I once saw a video of someone showing a DIY roof installation (about 35 minutes worth of content), and he even showed the cleanup… but he used a pressure washer, and damaged the roof tiles.
You’re removing part of the lifespan on the tiles, which voids the warranty, but also causes deep-rooted damages that can lead to leaks later on in your roof’s life.
Instead, use zinc strips on the peak of your roof if you’re dealing with moss (rainwater will drag it through the moss on your roof), or consider using a sanitizing solution of one part water, one part white distilled vinegar if you’re trying to return a luster to your roof.
4. Spray to Find Leaks
Just because a leak is in the living room doesn’t mean it originates on the roof section located above your living room. In fact, it’s almost never that easy.
Take your garden hose, and provided you aren’t going to hit any power lines, send some water up onto your roof. Spray in different directions until you can see where water is seeping in underneath the tiles.
You’ll want to be harnessed properly and on the roof to inspect it closely while doing this. Your garden hose might be the very best way to detect a leak.
5. Roof Boots Come First
If you have a leak that’s centered around a chimney or a pipe, you have rubber roof boots that come up from the tiles to press against the item in question.
Check your roof boots by removing them and inspecting any dry rot underneath or moisture, and deal with that appropriately. You may only need to remove your roof boots instead of removing an entire section.
Again, you might have to use the spray trick up here since a skylight leak doesn’t necessarily mean it’s dripping near the skylight indoors.
6. Check for Cracks
When you nail down a shingle, even if you do it properly with a powerful finish nailer, you might see some cracks.
This is normally due to faulty tiles, but this is a surefire way to endure further roof damage in the not-so-distant future. Remove the shingle, replace it with another, and inspect it thoroughly as you apply it.
In a pack of shingles, you’re bound to find one or two duds, or maybe hit them at an incorrect angle with your nailer. It happens, just be vigilant of it.
7. Seam Check
When you’re coming to a close and you’re adding cement putty to certain areas, check the seams of all your roof tiles. This is your last check: you’re just making sure everything lines up properly.
Apply extra putty as needed, and don’t be shy to do it. This isn’t about aesthetics: you just want everything to be sealed up tight, and a few seam splits are bound to happen during a DIY roof repair or replacement.
8. Clean Those Gutters
Gutters can cause some major damage to your roof. This isn’t about actual roofing or replacing the tiles, but it’s still important to know because it can cause leaks in the roof.
When the gutters get very weighed down, they can create cracks or breaks in the side of your roof seams. Clear these out on a constant basis to ensure your DIY roof repair job doesn’t end up in shambles.
9. Wear Rubber Soled Shoes
Nothing builds great traction like rubber. It’s used in work boots, running shoes, and tons of footwear that people use when they want to get a job done right.
Rubber helps you stay put when you want to, which could either be on newly installed tiles or shingles, or on the wrap on your roof while you’re moving around.
During DIY roof repair, you might end up using tarps and sandbags to weigh them down (commonplace in Florida just before hurricane season), and that’s okay: rubber helps keep traction on these as well.
10. Rubber on Metal Flashes
Your flash around a chimney or pipe might actually be made of metal, not rubber. You’re going to see rubber around skylights more than anything else, but metal flashes can still provide leaks if they’re not screwed down properly.
You can use rubber washers on the screws you put into the corners of your metal flashes, but you can also use rubber just underneath the metal flash to keep it secure.
The problem with metal flashes in general, and why DIY roofers hate them, is that they can retain their shape with changes in the weather, but over time your roof shingles underneath can warp and create gaps between the metal.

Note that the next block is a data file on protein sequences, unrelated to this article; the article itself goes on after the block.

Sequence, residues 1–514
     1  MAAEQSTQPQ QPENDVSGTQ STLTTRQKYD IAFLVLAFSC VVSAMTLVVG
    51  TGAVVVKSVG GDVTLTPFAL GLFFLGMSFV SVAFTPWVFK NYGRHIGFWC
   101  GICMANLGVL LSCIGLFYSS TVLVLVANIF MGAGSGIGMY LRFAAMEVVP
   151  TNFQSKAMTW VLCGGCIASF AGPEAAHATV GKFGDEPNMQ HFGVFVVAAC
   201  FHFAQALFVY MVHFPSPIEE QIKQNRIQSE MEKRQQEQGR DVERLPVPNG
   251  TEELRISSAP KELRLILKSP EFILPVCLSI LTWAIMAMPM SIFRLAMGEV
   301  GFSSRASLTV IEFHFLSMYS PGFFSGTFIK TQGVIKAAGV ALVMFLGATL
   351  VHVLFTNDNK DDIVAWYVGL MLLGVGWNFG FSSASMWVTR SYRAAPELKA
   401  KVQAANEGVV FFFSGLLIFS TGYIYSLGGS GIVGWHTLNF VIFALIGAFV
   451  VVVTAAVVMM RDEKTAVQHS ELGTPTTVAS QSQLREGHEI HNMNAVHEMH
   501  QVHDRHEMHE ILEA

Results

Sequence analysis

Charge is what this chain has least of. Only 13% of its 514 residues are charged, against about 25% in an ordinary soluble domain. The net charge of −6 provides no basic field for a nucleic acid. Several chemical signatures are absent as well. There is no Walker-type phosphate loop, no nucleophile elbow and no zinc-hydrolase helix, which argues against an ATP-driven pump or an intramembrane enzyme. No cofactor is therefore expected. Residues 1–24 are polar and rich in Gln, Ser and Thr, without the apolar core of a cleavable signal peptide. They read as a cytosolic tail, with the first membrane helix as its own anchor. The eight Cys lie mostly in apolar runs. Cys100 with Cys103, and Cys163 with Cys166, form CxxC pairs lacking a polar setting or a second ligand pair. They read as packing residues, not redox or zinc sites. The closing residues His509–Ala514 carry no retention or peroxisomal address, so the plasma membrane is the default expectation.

It’s not a pretty sight, which is why you’ll commonly see people mention that they should inspect these at least once a year.
11. Curling Shingle Trick
Curling roof shingles can be a pain to work with. To help flatten them out and make them easier to position underneath other shingles, you can heat them first with a heating gun to actually soften them.
This works great if the shingles are thinner and very brittle, because they won’t crack or split when you do this.
During the process of flattening them out, you’re going to take your time. Heat guns are a whole different thing to learn, so take your time to ensure you’re having the shingles correctly and not overdoing it.
12. Pry Carefully
You don’t want to just start using your pry bar in a random spot. If you’re just reroofing a certain spot, you’ll actually want to start with a utility knife to start cutting out the specific spot.
This is where having a chalk line and tape measure are going to come in handy. When you pry, don’t do it with too much force, even if the shingles are giving you trouble.
They were installed to last, and even though you’re removing them to repair the area, the problem might not be the nails and cement that kept them down. You don’t want to damage your roof more by doing this, so take it slow.
13. Get Permits
Yes, you need them, even for a small repair that’s only supposed to take four hours. Even if you’re doing it on a Sunday when nobody really pays attention to that stuff.
You don’t know what nosy neighbor is going to poke and pry and say, “Hey, where’s your permit for that?” Some people have nothing better to do, and they’ll actually do this.
Worse: they’ll see that you haven’t posted a permit in your window or on your door, and just call the city instead.
14. Rent a Dumpster
For a full roof repair where you’re replacing the entire thing, you’re going to build up a lot of garbage from the debris, gutter garbage that you’re sure to clean out, and the tiles/shingles themselves.
It adds up, and you don’t need additional cleanup on top of everything else you’re doing. Instead, rent a dumpster and get it put in your driveway.
You can even get enormous cloth dumpsters that are cheaper to rent and haul away, and for these you just have to purchase them outright (about 30% the cost of a dumpster rental) and make a call for someone to pick it up at a later date.
That way you don’t have to worry about being on a rental time slot.
15. Take a 15-Hour OSHA Course
While you’re not going to use everything in it, it’s better to have this information handy.
You want to account for every potential problem, and if you have a friend or in-law helping you out on the weekend, you want to know that everything you’ve done to preserve safety is OSHA approved in the unfortunate event of them getting involved.Last updated on: